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Astron. Astrophys. 323, L21-L24 (1997)

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2. Observational results

2.1. RASS observations

RX J1028.6-0844 is one of the 674 RASS X-ray sources studied by us. Position, X-ray flux, etc. as derived from the RASS data base (Voges et al. 1997a (Paper I), Paper III) are summarized in Tab. 1. In the re-processed SASS II data base (Voges et al. 1997b ) the position shifted slightly by about 22 [FORMULA] towards the SE ([FORMULA], [FORMULA]) relative to the position given in Tab. 1.


[TABLE]

Table 1. X-ray properties of the RASS source RX J1028.6-0844. For the conversion of count rate to flux [FORMULA] a photon index of [FORMULA] and galactic [FORMULA] was assumed (Dickey & Lockman 1990 ). The hardness ratios are defined as [FORMULA] and [FORMULA], where [FORMULA], etc. are the count rates in the respective energy bands [FORMULA] keV, [FORMULA] keV, [FORMULA] keV, and [FORMULA] keV (cf. Zimmermann et al. 1994 ).


2.2. Optical observations

We obtained direct images in the Cousins R and Johnson B bands of the field around RX J1028.6-0844 in May 1992 and December 1996 with the 2.15 m telescope at the Guillermo Haro Observatory near Cananea, Sonora, Mexico. The telescope was equipped with a focal reducer camera (LFOSC) which has a field of view of [FORMULA] and an image scale of 1 [FORMULA] px-1. A detailed description of the instrumentation is given in Paper II. In March 1996 we obtained a further R image and spectra of 3 possible optical counterparts of RX J1028.6-0844 at the ESO/MPIA 2.2 m telescope at La Silla, Chile. The observations were obtained with the EFOSC2 spectrometer (cf. ESO Users Manual) equipped with a Thomson [FORMULA] CCD chip (ESO CCD #19). EFOSC2 gave a higher spatial resolution than LFOSC. The image scale of 0.336 [FORMULA] px-1 resulted in a field of view of [FORMULA].

Fig. 1 shows the R band image obtained with EFOSC2 in March 1996. The position of the RASS X-ray source as given in Tab 1 is at the center of the 90% error circle for which a radius of 27 [FORMULA] has been determined by Zickgraf et al. (1997 ) for sources with low X-ray count rates. The revised SASS-II position (see above) is indicated in Fig. 1 by a small circle. For the objects labelled A to C spectra were obtained with EFOSC2 using grism #1 and a 1 [FORMULA] slit yielding a spectral resolution of [FORMULA] Å. A spectrum of object "d" was obtained with LFOSC in December 1996. The spectral resolution was about 18 Å.

[FIGURE] Fig. 1. R image of the field of RX J1028.6-0844. The 90% error circle of the RASS position from Paper III is indicated. The revised SASS-II position is given by the small circle. The position of the radio source PKS B1026-084 is marked by [FORMULA]. The PMN 4.85 GHz source is indicated by [FORMULA].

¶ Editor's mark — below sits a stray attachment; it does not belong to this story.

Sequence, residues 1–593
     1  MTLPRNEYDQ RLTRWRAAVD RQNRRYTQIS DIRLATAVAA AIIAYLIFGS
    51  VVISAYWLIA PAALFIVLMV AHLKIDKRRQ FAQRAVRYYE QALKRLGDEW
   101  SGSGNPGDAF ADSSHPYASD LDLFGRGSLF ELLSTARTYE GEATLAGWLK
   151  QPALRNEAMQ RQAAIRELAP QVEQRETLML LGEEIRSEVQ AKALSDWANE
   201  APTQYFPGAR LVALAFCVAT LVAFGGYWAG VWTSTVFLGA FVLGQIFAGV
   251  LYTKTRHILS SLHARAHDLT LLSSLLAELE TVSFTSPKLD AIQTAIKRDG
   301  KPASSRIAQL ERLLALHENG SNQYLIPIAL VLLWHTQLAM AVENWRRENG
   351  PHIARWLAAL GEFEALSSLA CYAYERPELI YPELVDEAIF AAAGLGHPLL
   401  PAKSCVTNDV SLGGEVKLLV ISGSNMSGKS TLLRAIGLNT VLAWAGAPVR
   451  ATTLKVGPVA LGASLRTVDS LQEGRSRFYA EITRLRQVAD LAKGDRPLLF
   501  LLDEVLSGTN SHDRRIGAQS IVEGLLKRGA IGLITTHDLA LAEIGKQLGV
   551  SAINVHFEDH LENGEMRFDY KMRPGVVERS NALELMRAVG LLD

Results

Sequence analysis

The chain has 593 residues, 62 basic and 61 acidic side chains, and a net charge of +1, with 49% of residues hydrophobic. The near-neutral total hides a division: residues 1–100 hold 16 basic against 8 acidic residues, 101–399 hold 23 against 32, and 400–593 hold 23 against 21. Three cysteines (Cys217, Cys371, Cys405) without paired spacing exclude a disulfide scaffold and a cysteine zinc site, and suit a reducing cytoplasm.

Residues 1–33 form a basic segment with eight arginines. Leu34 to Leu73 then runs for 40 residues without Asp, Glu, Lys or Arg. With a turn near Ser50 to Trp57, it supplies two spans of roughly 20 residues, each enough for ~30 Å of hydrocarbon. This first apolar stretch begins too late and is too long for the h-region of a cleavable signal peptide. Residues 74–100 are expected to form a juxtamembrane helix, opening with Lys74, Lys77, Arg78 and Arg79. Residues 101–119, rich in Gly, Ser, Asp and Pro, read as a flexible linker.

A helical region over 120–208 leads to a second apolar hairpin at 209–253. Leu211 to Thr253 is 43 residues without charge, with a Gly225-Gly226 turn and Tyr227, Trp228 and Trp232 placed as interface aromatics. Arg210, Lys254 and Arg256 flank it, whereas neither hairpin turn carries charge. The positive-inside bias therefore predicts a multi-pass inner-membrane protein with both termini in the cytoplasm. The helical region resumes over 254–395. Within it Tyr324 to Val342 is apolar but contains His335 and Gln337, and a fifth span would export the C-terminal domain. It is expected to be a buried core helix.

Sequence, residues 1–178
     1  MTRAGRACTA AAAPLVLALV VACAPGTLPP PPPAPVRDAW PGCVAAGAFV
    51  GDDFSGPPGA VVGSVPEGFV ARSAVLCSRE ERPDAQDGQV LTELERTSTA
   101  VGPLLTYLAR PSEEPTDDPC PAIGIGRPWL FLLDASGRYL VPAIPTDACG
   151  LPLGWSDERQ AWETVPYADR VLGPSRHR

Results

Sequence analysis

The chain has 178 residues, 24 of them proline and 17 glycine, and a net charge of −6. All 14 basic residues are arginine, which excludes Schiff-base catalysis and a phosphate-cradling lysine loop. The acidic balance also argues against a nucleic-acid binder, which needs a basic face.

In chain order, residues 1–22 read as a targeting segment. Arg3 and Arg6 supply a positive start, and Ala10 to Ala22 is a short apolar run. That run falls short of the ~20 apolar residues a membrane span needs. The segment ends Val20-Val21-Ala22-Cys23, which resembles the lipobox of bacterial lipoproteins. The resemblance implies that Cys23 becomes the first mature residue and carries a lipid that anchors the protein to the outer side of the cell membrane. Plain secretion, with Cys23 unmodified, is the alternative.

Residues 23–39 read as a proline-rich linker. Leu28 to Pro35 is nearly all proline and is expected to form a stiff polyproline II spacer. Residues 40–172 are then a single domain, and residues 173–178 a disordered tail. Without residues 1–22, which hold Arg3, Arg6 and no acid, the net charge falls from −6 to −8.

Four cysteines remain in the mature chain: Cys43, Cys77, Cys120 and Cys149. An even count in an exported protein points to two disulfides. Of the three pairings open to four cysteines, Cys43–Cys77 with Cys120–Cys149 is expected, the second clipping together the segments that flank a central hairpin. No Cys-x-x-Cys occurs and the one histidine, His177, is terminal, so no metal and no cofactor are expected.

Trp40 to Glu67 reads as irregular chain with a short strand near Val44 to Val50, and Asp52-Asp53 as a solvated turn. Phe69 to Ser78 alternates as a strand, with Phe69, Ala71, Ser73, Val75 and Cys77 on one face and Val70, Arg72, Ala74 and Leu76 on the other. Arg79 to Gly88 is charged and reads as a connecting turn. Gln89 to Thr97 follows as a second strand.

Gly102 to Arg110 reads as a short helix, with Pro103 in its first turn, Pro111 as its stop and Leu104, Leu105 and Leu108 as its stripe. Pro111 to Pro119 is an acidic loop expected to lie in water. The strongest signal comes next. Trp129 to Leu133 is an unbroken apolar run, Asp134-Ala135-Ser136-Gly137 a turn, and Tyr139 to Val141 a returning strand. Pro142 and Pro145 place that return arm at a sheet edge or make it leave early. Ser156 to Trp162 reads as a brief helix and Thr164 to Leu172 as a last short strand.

The spectrum of the object marked "A" in Fig. 1 is displayed in Fig. 2. This object is a QSO for which Ly [FORMULA] gives a redshift of [FORMULA]. From the emission line of C IV [FORMULA] 1548/1551 we measured [FORMULA]. However, this line appears to be affected on the red side by the broad atmospheric absorption feature around 8200 Å. We therefore adopt the redshift from Ly [FORMULA] in the following. The Ly [FORMULA] forest is clearly visible. Also the Ly-continuum absorption edge at [FORMULA] 912 Å is indicated at [FORMULA] Å.

[FIGURE] Fig. 2. Spectrum of object #A in Fig. 1. It is a quasar with redshift of [FORMULA] as measured from Ly [FORMULA].

Object B in Fig. 1 is a late F to early G-type star, and object C is an elliptical galaxy at redshift [FORMULA]. Object "d" (see Fig. 3) is a galaxy without emission lines in the spectrum. Due to the very low S/N-ratio of the spectrum the redshift cannot be determined.

[FIGURE] Fig. 3. Iso-contour plot (on a logarithmic intensity scale, step size is 0.01 between contour lines) of the region around the QSO #A shown in Fig. 1. The seeing was [FORMULA]. Object #d is clearly extended.

We estimated the brightnesses of the objects visible near the X-ray position from our CCD images. Unfortunately, the B and R image obtained at the Guillermo Haro Observatory were observed during non-photometric conditions and our programme for photometric calibration of the deep images is not yet finished. In order to obtain an approximate calibration for the B image we therefore made use of the COSMOS UK Schmidt (UKST) plate scan data base of the Royal Observatory Edinburgh which is available at the Max-Planck-Institut für extraterrestrische Physik. Object A was barely visible on our B image. The estimated statistical error of the B magnitude measured from this image is of the order of [FORMULA]. This does not include a systematic error due to the calibration of the COSMOS data which is probably also of the order of [FORMULA], yielding an approximate total error of [FORMULA]. For the calibration of the R image observed at ESO under good conditions we determined the instrumental zero point from a photometrically calibrated R image of the field around the RASS source RX J0720-3125 (Haberl et al. 1996 ). We estimated the resulting error to about [FORMULA]. The B and R magnitudes for the four marked objects in Fig. 1 derived in this way are summarized in Tab. 2. Because object #d is quite faint and diffuse on our R image its brightness is rather uncertain.


[TABLE]

Table 2. B and R magnitudes of the objects #A to #d near the X-ray position of RX J1028.6-0844.


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© European Southern Observatory (ESO) 1997

Online publication: June 5, 1998

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